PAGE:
Gossip and Slander : Part 1

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Q: A year ago, I answered an ad for a ‘personal assistant’.  The lady said that the work would consist of supervising her household staff, general secretarial work and organizing her financial records.

It turned out that I was required to work at very physical house-cleaning work.  I had to clean the basement, work on my hands and knees steaming carpets and stand on ladders – like to change light bulbs on all seven staircases.  One night I had to stay late and haul plywood boards from the floor of the east basement to an outside dumpster.

At the beginning, I had to perform my clerical work on the floor.  The lady got me a desk, but I found ants in it, and she wouldn’t pay for spray.

I needed the money, and tried to tough it out, but yesterday she fired me.  In front of the other workers, the lady said that I had been stealing.  Before firing me, she had taken my cell phone out of my handbag and called all of my contacts telling them that I am crazy.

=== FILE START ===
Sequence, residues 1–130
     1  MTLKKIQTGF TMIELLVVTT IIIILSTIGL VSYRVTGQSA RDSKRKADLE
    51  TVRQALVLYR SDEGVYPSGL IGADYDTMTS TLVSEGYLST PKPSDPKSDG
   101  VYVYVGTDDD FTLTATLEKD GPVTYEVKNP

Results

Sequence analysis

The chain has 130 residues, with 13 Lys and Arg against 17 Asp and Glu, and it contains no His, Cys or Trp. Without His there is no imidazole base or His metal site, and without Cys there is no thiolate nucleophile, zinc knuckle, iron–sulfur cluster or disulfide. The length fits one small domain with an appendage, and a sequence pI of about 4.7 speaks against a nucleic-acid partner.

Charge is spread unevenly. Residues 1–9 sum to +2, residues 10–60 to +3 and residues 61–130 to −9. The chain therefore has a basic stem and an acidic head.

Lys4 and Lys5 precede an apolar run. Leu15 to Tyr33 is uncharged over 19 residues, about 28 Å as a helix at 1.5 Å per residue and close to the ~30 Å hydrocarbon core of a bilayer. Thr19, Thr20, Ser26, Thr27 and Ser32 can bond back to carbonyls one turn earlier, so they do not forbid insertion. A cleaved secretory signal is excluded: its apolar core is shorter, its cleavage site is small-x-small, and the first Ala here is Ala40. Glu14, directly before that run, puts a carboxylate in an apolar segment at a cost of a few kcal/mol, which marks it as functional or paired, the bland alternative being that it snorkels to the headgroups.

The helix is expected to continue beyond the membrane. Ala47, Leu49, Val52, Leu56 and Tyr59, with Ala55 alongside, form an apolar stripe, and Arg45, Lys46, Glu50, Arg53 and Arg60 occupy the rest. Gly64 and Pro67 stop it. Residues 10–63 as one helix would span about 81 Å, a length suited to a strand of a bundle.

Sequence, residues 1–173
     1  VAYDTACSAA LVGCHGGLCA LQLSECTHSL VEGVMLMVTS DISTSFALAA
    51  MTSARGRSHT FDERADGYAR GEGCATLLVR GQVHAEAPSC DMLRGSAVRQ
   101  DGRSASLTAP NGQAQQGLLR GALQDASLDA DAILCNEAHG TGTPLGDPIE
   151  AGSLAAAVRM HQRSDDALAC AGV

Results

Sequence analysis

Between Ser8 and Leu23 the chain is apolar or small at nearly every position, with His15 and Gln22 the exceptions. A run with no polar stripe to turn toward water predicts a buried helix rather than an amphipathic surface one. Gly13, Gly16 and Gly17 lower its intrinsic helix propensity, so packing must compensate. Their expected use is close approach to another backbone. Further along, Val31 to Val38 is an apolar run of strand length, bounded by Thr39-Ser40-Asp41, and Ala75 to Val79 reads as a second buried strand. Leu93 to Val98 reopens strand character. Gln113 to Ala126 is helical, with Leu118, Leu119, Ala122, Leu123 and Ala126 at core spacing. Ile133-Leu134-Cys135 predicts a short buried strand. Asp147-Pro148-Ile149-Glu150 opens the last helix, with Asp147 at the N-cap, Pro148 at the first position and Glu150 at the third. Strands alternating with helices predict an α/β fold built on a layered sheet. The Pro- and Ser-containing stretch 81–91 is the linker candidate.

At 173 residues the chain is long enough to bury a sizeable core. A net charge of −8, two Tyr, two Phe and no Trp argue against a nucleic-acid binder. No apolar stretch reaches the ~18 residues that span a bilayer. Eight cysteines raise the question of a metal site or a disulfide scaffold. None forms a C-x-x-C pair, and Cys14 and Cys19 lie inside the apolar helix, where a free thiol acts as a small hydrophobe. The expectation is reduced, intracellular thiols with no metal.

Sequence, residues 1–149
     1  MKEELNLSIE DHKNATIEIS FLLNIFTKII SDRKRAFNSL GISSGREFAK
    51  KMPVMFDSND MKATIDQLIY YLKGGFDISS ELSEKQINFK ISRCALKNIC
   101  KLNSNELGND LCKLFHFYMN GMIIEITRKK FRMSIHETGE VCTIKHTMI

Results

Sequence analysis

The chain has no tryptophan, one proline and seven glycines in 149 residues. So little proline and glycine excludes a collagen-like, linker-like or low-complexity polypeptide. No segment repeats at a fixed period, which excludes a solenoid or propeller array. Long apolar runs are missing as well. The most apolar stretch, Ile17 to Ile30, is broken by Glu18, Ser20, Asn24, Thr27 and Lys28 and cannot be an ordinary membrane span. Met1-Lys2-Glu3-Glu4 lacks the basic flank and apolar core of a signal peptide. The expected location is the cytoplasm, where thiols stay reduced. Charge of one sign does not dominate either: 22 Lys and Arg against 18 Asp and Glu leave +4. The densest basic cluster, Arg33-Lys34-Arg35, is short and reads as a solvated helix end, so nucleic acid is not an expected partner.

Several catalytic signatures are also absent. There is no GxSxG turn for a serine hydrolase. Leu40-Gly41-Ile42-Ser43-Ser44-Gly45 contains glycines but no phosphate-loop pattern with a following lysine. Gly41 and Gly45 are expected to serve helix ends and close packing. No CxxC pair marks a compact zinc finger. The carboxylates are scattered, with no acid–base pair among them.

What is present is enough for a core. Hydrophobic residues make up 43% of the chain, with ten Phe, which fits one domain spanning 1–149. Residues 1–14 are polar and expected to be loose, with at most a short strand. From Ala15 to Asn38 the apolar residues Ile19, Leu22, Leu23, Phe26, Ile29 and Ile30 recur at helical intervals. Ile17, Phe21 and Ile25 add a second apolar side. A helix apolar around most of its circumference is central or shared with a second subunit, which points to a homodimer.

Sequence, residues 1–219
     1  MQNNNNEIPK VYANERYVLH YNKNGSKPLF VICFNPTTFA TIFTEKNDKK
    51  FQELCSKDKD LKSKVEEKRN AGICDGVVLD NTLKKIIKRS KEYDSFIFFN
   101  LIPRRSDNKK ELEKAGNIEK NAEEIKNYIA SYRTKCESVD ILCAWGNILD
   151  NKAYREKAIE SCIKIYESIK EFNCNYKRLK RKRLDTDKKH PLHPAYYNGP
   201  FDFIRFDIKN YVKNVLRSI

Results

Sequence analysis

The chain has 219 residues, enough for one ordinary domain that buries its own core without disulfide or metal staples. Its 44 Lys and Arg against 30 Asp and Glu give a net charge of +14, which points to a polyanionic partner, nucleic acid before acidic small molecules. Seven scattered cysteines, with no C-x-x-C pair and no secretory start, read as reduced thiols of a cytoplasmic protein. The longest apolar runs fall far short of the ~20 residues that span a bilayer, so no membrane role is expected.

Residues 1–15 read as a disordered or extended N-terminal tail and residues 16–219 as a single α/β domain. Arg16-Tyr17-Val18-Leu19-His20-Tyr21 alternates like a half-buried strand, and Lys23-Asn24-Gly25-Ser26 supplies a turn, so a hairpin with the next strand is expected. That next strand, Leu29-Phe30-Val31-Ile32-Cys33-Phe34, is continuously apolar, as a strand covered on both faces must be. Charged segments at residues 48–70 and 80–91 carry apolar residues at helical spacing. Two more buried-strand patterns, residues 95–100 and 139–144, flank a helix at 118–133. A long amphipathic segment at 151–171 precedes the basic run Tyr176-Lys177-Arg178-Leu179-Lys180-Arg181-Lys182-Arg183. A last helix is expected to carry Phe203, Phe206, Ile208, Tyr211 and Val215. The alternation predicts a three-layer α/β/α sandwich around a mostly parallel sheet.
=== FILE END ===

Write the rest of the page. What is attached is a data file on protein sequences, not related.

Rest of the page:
A: It is likely that your situation involves many violations of the Labor Law.  For example, section 191(3) says that, if employment is terminated, the employer shall pay your wages not later than the regular pay day for the pay period during which the termination occurred.  Were your last wages paid?  You have the right to request that your last wages be paid by mail.  Did you?  Were they?

For another example, section 215(1)(a) forbids retaliation against an employee.  Did you ever complain that your employer had been violating the Labor Law?  Is that one of the reasons she fired you?

You may also have a case involving ‘slander per se’, because your employer’s statement that you had been stealing constitutes an allegation of a serious crime.  Your lawyer will want to know the exact words that the lady used and precisely in front of whom these words were spoken.  Forgive me for saying so, but you have no case if you actually did steal: truth is a defense.

In the law of libel and slander, there is a general rule that expressions of mere opinion do not give rise to a lawsuit.  To the extent that your employer merely gave an opinion that you had been stealing, that would weaken your case.  Also, calling someone ‘crazy’ is generally dismissed by the courts as mere expression of opinion.  The taking of your cell phone, however, is likely to be considered a wrong in itself.

By: Scott Baron,
Attorney at Law Advertorial

The law responds to changed conditions; exceptions and variations abound. Here, the information is general; always seek out competent counsel. This article shall not be construed as legal advice.

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